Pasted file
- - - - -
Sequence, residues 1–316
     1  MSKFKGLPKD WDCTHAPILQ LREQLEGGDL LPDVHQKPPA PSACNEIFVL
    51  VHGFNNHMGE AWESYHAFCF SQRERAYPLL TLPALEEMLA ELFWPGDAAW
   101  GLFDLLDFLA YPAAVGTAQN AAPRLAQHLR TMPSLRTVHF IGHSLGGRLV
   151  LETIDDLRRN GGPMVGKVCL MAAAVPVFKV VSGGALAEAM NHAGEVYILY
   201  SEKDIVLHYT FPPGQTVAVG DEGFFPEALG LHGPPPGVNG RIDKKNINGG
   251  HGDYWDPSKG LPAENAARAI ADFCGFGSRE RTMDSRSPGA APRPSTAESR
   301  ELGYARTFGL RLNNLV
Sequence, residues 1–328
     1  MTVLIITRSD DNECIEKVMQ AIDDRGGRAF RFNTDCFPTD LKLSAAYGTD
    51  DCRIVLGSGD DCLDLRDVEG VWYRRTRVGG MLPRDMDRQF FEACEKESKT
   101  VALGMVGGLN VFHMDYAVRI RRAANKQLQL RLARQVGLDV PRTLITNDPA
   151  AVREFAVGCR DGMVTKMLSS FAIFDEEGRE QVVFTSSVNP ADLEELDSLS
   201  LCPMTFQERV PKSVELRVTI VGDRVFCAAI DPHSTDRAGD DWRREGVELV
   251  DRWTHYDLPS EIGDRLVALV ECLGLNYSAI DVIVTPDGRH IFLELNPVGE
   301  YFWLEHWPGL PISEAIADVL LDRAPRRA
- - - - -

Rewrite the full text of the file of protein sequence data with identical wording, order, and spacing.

Sequence, residues 1–316
     1  MSKFKGLPKD WDCTHAPILQ LREQLEGGDL LPDVHQKPPA PSACNEIFVL
    51  VHGFNNHMGE AWESYHAFCF SQRERAYPLL TLPALEEMLA ELFWPGDAAW
   101  GLFDLLDFLA YPAAVGTAQN AAPRLAQHLR TMPSLRTVHF IGHSLGGRLV
   151  LETIDDLRRN GGPMVGKVCL MAAAVPVFKV VSGGALAEAM NHAGEVYILY
   201  SEKDIVLHYT FPPGQTVAVG DEGFFPEALG LHGPPPGVNG RIDKKNINGG
   251  HGDYWDPSKG LPAENAARAI ADFCGFGSRE RTMDSRSPGA APRPSTAESR
   301  ELGYARTFGL RLNNLV
Sequence, residues 1–328
     1  MTVLIITRSD DNECIEKVMQ AIDDRGGRAF RFNTDCFPTD LKLSAAYGTD
    51  DCRIVLGSGD DCLDLRDVEG VWYRRTRVGG MLPRDMDRQF FEACEKESKT
   101  VALGMVGGLN VFHMDYAVRI RRAANKQLQL RLARQVGLDV PRTLITNDPA
   151  AVREFAVGCR DGMVTKMLSS FAIFDEEGRE QVVFTSSVNP ADLEELDSLS
   201  LCPMTFQERV PKSVELRVTI VGDRVFCAAI DPHSTDRAGD DWRREGVELV
   251  DRWTHYDLPS EIGDRLVALV ECLGLNYSAI DVIVTPDGRH IFLELNPVGE
   301  YFWLEHWPGL PISEAIADVL LDRAPRRA